WAVERLY— The deadline for CARES Act spending is less than 10 days away, but Pike County has already moved on to other ventures.
Originally set for Dec. 31, 2020, Davida Brown and Tracy Bryant of the Pike County Auditor’s Office said the county used up all its funds prior to that earlier deadline.
Including what was received by the county’s 14 townships, north of $3.3 million came into Pike County through the legislation.
“I think most offices would say this funding was not anticipated,” said Brown, the legislation passed in the early weeks of the pandemic in 2020. “It certainly helped.”
Money was spread out among county offices, including but not limited to Pike County Children Services, the Pike County Sheriff’s Office, the Pike County Board of Developmental Disabilities, and first-responders in the Pike County Emergency Management Agency.
Other county organizations such as the homeless shelter and the Community Action Committee of Pike County received $5,000 and $3,000 respectively.
Getting the money out to first responders was pivotal, Brown said, as many sheriff’s officers had to work overtime to cover shifts.
Pike County schools, both public and private schools, also received funds through the CARES Act — mostly going to Waverly City Schools. WCSD received $744,596 and another $651,246 went to the Scioto Valley Local School District as the primary recipients in the county.
The remaining schools received the following according to Ohio Department of Education:
- Eastern Local School District: $522,189
- Western Local School District: $481,098
- Miracle City Academy: $649
- Pike Christian Academy: $51,537
- Pike County Career Technical Center: $22,761
- Pike County Board of DD: $30,058
Four funding sources were made through the legislation- Elementary and Secondary School Emergency Relief Funding, Coronavirus Relief Funding, BroadbandOhio Connectivity Grant, and the Governor’s Emergency Education Fund. Ohio schools received more than $606 million through the funding.
Through the American Rescue Plan, Pike County will also be receiving just shy of $5.4 million. ARPA will dole out $350 billion for eligible state, local, territorial, and Tribal governments, according to the U.S. Department of the Treasury.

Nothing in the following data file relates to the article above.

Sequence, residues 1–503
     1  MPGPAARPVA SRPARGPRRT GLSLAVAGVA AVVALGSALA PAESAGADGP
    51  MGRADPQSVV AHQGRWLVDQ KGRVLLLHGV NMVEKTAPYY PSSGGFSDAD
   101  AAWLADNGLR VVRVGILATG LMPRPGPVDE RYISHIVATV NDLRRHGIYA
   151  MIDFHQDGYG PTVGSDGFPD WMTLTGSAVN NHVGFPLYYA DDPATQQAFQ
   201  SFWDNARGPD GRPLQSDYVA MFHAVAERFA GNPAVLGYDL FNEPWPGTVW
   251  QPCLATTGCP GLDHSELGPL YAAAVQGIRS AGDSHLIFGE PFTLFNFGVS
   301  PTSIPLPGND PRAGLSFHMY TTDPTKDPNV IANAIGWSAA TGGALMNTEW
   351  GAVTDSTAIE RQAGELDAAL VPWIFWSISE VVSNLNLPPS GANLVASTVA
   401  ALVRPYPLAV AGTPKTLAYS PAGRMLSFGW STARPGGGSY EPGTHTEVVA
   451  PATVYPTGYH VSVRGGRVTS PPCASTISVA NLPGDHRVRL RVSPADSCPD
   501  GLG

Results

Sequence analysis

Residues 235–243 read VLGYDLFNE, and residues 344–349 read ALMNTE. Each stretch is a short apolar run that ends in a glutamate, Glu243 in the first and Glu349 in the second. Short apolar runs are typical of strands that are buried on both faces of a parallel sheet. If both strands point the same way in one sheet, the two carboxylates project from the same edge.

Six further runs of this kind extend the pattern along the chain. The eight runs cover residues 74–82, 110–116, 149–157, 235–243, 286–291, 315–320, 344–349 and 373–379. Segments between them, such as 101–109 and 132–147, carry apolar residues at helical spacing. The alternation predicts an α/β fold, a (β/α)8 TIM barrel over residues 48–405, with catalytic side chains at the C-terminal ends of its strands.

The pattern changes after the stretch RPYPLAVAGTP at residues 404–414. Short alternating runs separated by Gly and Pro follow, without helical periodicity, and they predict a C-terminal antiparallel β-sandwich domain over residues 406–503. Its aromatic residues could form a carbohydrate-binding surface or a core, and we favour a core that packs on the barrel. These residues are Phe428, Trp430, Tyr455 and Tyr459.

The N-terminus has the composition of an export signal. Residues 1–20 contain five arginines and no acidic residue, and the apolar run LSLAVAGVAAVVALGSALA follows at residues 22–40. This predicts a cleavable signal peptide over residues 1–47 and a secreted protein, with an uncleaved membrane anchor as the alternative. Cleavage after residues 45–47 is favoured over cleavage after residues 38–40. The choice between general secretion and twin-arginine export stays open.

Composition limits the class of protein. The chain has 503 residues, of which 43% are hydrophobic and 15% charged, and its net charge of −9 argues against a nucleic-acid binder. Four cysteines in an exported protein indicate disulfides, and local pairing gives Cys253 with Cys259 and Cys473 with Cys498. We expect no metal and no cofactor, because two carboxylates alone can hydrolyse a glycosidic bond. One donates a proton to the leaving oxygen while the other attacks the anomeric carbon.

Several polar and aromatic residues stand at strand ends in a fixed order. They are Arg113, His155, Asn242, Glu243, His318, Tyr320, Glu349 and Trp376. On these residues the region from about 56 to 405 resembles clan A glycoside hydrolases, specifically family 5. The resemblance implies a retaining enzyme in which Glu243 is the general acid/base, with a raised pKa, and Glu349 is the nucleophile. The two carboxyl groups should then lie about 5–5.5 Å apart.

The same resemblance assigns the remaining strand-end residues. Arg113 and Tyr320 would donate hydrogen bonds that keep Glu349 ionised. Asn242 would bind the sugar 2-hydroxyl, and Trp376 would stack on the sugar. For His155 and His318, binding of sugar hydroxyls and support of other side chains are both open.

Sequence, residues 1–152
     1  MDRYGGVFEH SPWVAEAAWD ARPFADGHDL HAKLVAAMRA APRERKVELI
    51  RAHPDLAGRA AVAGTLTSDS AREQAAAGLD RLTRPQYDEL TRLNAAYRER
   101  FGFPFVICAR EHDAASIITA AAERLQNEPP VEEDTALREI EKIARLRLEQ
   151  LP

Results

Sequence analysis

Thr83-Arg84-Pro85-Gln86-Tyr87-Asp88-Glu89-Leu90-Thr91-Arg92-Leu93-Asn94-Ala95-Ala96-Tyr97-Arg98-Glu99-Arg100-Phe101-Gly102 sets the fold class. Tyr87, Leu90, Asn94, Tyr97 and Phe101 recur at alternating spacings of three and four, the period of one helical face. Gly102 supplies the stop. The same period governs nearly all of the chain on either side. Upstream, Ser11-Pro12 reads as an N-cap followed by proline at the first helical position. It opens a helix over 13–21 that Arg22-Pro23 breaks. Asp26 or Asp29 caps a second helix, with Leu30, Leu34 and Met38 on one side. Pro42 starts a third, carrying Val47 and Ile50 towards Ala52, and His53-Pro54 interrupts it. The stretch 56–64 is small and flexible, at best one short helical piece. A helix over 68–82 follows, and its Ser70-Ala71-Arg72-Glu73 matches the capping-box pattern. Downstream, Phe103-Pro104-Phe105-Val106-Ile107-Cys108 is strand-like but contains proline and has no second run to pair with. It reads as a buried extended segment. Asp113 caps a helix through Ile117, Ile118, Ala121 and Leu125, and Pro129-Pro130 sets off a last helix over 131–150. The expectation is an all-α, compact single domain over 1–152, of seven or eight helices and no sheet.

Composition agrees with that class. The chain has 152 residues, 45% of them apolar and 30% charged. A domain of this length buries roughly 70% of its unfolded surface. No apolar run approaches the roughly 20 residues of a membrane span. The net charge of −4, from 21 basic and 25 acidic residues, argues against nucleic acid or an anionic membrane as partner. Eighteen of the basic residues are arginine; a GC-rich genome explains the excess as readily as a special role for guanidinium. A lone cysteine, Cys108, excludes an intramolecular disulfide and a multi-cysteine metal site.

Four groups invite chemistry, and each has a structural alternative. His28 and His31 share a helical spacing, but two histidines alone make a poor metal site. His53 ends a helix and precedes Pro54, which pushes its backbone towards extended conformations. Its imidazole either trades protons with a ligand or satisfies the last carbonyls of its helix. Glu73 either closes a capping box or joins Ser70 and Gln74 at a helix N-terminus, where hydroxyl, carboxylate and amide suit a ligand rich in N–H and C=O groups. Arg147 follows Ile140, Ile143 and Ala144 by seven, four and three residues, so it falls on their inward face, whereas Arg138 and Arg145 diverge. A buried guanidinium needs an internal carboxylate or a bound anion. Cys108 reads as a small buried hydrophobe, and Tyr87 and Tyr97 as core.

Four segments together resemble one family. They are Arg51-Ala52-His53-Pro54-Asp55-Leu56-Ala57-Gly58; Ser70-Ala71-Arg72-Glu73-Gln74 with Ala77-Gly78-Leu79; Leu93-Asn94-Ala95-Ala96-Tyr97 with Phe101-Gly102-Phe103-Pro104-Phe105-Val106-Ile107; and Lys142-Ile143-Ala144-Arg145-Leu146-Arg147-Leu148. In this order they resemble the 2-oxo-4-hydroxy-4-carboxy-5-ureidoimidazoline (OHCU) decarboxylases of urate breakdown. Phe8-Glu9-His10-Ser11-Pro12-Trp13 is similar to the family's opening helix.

As the Pike County Commissioners told the News Watchman on Monday, there are “big plans” in the works for how it will spend the stimulus.
In a press release, the USDT said ARPA funds can be used in the following ways:
- Support public health expenditures, by – among other uses – funding COVID-19 mitigation efforts, medical expenses, behavioral healthcare, mental health and substance misuse treatment and certain public health and safety personnel responding to the crisis;
- Address negative economic impacts caused by the public health emergency, including by rehiring public sector workers, providing aid to households facing food, housing or other financial insecurity, offering small business assistance, and extending support for industries hardest hit by the crisis
- Aid the communities and populations hardest hit by the crisis, supporting an equitable recovery by addressing not only the immediate harms of the pandemic, but its exacerbation of longstanding public health, economic and educational disparities
- Provide premium pay for essential workers, offering additional support to those who have borne and will bear the greatest health risks because of their service during the pandemic; and,
- Invest in water, sewer, and broadband infrastructure, improving access to clean drinking water, supporting vital wastewater and stormwater infrastructure, and expanding access to broadband internet.
Contact Patrick Keck at email@example.com or by phone at 740-947-2149, ext. 300431 and follow him on Twitter @pkeckreporter.